For the past several weeks, I’ve been attending a screenwriting workshop in New York City. Described as a “fusion” class, participants write and discuss scripts for both film and television.
I’m working on a story I’ve struggled to write as both novel and short story. I figured maybe tackling it as an on-screen project might break the obstacles I’ve faced with it. We’re about ten pages into each project. The “hook” pages, if you will. Because if a reader can’t get past the introduction, they’ll give up and move on. And I’ve discovered that my biggest weakness with a story hook is introducing my characters.
Strong First Impression
It’s incredibly important, especially with screenplays, to give a strong first impression of each main character. But the four characters in my story somehow garbled together rather than individuals.
So my next step, after the latest round of notes, is to pick each character apart and figure out what makes them unique from the rest. As part of our homework in character introductions, the class instructor told us to study Little Miss Sunshine.
The opening scene for Little Miss Sunshine is a wonderful example of character introductions. We get a quick, solid understanding of where each character starts their journey.
First we spot Abigail Breslin’s character. She watches a beauty pageant on TV, pausing and rewinding on a close-up of the winning contestant. She mimics the image, imagining herself a clear winner.
In a cut to our next character, played by Greg Kinnear, we hear him say, “There are two kinds of people in this world: winners and losers.” With that statement, we’re given the movie’s main theme. As he finishes his presentation, the camera cuts to his audience. The lights flicker on and we see a half-empty room; the students politely applaud him.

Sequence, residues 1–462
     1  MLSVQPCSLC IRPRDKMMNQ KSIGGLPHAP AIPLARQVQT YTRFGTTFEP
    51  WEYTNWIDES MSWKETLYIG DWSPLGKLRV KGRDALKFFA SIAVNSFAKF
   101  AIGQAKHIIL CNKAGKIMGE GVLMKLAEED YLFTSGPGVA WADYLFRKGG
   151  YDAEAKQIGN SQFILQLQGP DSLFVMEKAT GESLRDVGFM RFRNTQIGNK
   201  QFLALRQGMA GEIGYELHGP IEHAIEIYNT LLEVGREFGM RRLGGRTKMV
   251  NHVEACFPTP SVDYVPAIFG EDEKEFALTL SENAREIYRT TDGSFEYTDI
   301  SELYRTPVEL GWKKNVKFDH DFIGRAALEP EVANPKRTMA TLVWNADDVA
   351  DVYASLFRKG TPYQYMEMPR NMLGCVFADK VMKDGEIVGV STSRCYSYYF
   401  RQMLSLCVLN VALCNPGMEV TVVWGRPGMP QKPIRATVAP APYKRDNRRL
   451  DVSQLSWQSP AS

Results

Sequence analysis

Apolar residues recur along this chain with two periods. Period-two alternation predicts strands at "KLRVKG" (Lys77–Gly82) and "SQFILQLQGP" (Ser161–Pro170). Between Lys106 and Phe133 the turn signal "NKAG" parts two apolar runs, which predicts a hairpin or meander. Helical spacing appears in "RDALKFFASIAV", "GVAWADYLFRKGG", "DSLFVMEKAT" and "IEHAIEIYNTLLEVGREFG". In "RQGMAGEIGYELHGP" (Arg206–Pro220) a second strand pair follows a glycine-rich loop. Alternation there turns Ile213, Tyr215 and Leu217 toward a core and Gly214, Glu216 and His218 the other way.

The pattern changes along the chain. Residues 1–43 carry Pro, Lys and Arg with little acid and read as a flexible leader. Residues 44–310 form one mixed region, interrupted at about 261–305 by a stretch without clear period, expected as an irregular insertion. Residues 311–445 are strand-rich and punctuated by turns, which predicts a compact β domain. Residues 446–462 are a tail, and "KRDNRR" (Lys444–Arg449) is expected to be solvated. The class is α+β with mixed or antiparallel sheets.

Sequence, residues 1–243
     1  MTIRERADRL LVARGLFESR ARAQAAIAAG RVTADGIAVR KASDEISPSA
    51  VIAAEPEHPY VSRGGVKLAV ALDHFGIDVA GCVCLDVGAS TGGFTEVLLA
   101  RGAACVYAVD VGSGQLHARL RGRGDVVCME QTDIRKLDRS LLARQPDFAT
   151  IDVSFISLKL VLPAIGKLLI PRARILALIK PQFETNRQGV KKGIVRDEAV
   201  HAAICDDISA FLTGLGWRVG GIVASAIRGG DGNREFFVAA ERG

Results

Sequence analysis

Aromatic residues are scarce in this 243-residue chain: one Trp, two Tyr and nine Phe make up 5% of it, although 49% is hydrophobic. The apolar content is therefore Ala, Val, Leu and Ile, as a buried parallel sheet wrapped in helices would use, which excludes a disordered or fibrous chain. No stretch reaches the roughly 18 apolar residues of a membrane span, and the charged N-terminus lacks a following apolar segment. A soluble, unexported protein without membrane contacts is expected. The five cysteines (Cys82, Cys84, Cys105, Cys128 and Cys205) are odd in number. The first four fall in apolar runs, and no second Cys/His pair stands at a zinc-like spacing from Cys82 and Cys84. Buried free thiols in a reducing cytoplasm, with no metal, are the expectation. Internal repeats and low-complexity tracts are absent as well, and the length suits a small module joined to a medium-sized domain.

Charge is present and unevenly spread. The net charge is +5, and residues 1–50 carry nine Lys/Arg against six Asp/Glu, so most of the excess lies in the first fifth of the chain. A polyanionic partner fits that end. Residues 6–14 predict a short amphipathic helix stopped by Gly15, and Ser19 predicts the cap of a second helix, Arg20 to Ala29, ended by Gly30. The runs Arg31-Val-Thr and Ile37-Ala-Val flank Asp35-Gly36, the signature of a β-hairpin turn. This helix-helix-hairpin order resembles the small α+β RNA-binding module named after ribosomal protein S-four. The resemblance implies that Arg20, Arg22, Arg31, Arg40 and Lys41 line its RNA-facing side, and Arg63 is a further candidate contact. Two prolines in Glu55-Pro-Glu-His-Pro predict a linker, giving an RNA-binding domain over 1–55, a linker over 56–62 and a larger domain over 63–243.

Next our attention turns to Paul Dano’s character. A silent teenager, working out in his bedroom. We get a short montage of exercises, including weights, jump rope, crunches, and push-ups. He crosses days off a calendar extending the height of his room.
Grandpa shows up next. He shows us know right away that he’s a junkie enjoying his drugs to the fullest. We cut to Toni Collete’s character, established as a closeted smoker.
The Question Mark
Finally, the camera cuts to Steve Carrell. He’s in a wheelchair in a hospital room. We don’t know why he’s there, but his facial expression leads us to a few conclusions.
I learned a lot through this scene alone. The power that a quick glimpse into a character’s life can reveal. Dialogue and exposition are good tools, as well. But especially in a visual medium, don’t underestimate how much you can show through a careful choice of images, statements, and an actor’s performance.
I’d love to study more great examples of character introductions. If anyone has a favorite, feel free to share in the comments below.